Unions lash out at Johnson over attack on ‘work-from-home manana culture’
Civil service unions have hit back at Boris Johnson after he criticised a post-Covid “manana culture” that saw some staff prefer to work from home.
Relations between the Government and officials have been strained by a drive, led by Jacob Rees-Mogg, to get staff to return to their desks.
The Prime Minister said there was a “general issue” in the public sector – and perhaps more widely in the economy – about refusing to give up remote working.
Mark Serwotka, general secretary of the Public and Commercial Services union, told the PA news agency: “The level of offence that Boris Johnson is causing towards the hard-working people who kept this country running during the pandemic is astounding.
“PCS members worked flat out to deliver vital public services such as Universal Credit and the furlough payments, at a time when the Prime Minister was breaking his own rules by partying.
“It is nothing short of rank hypocrisy, and PCS members deserve better.”
In a TalkTV interview on Tuesday night, Mr Johnson acknowledged he had criticised a “post-Covid, work-from-home, manana culture” at some public bodies for not adapting after the easing of coronavirus restrictions.
As well as problems at the Passport Office, MPs have been raising concerns over significant delays in turning around applications for driving licences at the DVLA.
But Mr Serwotka said: “The high-profile delays that we have seen reported in passport applications and driving licences are down to his Government choosing to squander funds on dodgy PPE rather than invest in vital services.”
Mike Clancy, general secretary of the Prospect union, told PA: “The PM and his Cabinet must stop attacking hard-working and committed public servants who have no right of reply.
“Working from home existed before the pandemic and the Government should have a serious conversation with workers and unions on what truly flexible work looks like: not just for civil servants and office workers but for workers across the economy.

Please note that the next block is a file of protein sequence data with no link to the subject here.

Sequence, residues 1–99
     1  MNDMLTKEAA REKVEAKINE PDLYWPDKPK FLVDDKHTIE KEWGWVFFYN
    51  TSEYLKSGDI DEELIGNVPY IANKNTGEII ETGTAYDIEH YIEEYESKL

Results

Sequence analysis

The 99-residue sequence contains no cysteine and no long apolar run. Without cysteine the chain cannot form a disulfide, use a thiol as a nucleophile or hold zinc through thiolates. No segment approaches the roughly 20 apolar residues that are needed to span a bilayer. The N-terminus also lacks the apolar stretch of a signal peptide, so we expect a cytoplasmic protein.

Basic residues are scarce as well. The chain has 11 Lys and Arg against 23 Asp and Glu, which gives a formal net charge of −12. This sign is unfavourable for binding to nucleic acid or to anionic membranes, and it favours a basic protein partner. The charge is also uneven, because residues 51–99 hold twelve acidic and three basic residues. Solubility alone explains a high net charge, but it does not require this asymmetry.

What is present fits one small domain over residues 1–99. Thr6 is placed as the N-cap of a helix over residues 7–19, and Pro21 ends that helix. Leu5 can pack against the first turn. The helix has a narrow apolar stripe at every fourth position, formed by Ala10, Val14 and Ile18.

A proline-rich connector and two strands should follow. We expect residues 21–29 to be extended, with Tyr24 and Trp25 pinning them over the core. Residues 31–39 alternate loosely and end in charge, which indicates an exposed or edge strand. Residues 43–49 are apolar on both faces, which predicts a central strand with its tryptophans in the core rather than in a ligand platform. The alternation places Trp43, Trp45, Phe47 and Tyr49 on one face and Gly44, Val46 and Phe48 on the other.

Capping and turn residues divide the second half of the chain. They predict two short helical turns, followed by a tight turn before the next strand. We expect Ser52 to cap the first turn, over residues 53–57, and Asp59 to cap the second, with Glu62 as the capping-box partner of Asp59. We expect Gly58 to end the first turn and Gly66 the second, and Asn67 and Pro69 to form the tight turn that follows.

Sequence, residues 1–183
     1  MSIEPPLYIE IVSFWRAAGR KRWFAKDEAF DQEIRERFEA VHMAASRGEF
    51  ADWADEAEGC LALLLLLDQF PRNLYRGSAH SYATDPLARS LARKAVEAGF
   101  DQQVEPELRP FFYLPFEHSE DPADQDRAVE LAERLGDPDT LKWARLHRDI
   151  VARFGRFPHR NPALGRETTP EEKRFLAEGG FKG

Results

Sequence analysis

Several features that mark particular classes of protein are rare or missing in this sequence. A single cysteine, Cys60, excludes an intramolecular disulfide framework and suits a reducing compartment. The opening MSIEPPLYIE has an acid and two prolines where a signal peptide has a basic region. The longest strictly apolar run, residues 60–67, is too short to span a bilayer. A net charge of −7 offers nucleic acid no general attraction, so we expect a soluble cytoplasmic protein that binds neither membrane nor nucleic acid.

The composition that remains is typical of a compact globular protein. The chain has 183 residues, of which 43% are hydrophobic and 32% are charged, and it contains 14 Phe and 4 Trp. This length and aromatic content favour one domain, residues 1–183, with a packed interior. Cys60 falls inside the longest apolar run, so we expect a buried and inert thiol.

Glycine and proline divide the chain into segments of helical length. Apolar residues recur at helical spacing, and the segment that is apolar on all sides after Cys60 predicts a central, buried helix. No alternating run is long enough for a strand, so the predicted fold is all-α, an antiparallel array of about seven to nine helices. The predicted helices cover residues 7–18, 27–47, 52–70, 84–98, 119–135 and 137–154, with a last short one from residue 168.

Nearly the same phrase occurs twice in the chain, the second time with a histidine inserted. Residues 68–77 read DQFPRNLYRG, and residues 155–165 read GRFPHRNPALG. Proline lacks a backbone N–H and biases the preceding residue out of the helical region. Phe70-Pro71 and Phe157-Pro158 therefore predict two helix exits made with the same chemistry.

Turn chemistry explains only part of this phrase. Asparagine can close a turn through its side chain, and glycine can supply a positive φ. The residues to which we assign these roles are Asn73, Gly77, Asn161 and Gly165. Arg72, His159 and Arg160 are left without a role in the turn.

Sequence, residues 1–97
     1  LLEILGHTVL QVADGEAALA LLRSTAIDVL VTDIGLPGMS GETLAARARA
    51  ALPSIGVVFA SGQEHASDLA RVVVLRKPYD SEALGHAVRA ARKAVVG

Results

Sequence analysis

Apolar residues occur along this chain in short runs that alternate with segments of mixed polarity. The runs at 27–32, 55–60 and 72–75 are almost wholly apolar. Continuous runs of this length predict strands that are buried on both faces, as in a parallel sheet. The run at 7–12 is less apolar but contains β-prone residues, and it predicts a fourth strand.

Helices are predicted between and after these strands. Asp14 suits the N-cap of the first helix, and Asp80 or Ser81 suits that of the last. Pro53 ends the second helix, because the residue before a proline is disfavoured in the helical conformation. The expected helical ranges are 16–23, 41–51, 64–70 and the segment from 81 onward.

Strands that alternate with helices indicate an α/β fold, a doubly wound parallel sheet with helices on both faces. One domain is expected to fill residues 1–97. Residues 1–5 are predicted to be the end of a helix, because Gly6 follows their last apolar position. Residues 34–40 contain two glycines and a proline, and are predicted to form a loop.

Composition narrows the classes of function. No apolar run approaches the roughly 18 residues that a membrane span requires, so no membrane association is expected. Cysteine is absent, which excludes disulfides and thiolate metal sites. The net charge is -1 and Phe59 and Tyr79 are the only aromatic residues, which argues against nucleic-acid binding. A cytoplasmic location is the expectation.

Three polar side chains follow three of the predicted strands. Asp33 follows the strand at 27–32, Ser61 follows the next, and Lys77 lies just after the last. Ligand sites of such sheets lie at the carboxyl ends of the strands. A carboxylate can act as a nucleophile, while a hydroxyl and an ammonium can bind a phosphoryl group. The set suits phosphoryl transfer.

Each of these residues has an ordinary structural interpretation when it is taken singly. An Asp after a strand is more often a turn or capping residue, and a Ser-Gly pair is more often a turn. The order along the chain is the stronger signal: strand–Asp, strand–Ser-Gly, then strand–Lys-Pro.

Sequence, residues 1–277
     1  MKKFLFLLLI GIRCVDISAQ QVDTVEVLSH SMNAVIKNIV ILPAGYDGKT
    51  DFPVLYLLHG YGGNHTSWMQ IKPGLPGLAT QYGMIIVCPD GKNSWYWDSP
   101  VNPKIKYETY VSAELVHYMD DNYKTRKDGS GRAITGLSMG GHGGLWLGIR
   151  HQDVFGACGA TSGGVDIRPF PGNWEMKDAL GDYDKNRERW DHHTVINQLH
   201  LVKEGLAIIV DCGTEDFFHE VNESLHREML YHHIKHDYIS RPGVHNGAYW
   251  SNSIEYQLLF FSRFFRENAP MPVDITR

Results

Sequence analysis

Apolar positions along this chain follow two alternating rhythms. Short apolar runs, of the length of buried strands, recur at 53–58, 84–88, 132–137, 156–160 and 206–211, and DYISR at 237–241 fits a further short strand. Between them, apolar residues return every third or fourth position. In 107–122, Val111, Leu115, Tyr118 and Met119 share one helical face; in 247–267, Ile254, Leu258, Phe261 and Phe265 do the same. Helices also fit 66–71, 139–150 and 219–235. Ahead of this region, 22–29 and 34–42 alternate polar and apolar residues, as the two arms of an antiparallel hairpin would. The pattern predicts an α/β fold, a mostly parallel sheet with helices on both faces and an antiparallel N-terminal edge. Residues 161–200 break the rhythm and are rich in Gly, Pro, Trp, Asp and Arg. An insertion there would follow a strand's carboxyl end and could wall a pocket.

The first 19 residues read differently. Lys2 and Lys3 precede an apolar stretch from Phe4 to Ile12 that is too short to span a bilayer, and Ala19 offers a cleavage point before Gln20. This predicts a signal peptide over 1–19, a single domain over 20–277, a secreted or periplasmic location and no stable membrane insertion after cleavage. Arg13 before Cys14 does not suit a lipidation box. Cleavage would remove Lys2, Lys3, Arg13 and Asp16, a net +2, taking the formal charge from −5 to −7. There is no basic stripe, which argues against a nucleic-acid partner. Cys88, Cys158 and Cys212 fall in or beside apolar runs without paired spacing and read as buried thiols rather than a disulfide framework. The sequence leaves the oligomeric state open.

“Many of the problems that our public services face are thanks to over a decade of damaging spending cuts by the Government, not because of the attitude of public servants who are asked to pick up the pieces of this failed policy.”
The passport delays have nothing to do with working from home. It’s a surge in demand and a tight labour market
Dave Penman, general secretary of the FDA union, said home-working had become the “go to excuse” for ministers.
“The passport delays have nothing to do with working from home,” he said. “It’s a surge in demand and a tight labour market.”
Government efficiency minister Mr Rees-Mogg is leading efforts to get staff back in Whitehall offices, challenging Cabinet colleagues to do more to encourage their officials to return to London.
The approach – which has seen him leave notes on vacant desks and threaten to remove the London weighting from salaries of remote workers – was criticised as “Dickensian” by Cabinet colleague Nadine Dorries.
Mr Johnson admitted using the words “post-Covid manana culture” during Tuesday’s Cabinet meeting.
He told TalkTv: “I think we have a general issue in some of our approaches to public services, and perhaps more widely, that we all got used to working from home, to Zoom calls, to thinking that we could do business like that.
“I think for many people it is great, I don’t want to minimise the value of this, I think for lots of people, particularly for women who have kids, for parents who have kids, I don’t want to be stereotypical, anybody who wants to stay at home for one reason or another, you can see the advantages of working from home.
“But I have to ask myself, I’m the custodian of the public purse and I’m looking at how much we’re taking and how much we’re spending, whether actually it is as productive.
“When I see institutions not delivering things like passports or driving licences in a speedy way, these things are quite expensive, it’s £150 to get a new passport, we want action.”
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